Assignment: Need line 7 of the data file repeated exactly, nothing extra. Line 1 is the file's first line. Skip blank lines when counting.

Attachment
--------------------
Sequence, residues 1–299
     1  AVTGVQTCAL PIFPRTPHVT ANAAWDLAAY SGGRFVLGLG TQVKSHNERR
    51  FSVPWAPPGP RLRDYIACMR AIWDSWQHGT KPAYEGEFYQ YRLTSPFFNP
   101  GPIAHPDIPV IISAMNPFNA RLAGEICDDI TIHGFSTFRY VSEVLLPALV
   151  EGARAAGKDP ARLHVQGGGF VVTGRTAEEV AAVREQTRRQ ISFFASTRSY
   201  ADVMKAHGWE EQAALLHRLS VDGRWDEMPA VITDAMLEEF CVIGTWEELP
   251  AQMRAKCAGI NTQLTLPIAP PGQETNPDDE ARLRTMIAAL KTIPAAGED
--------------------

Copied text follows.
   251  AQMRAKCAGI NTQLTLPIAP PGQETNPDDE ARLRTMIAAL KTIPAAGED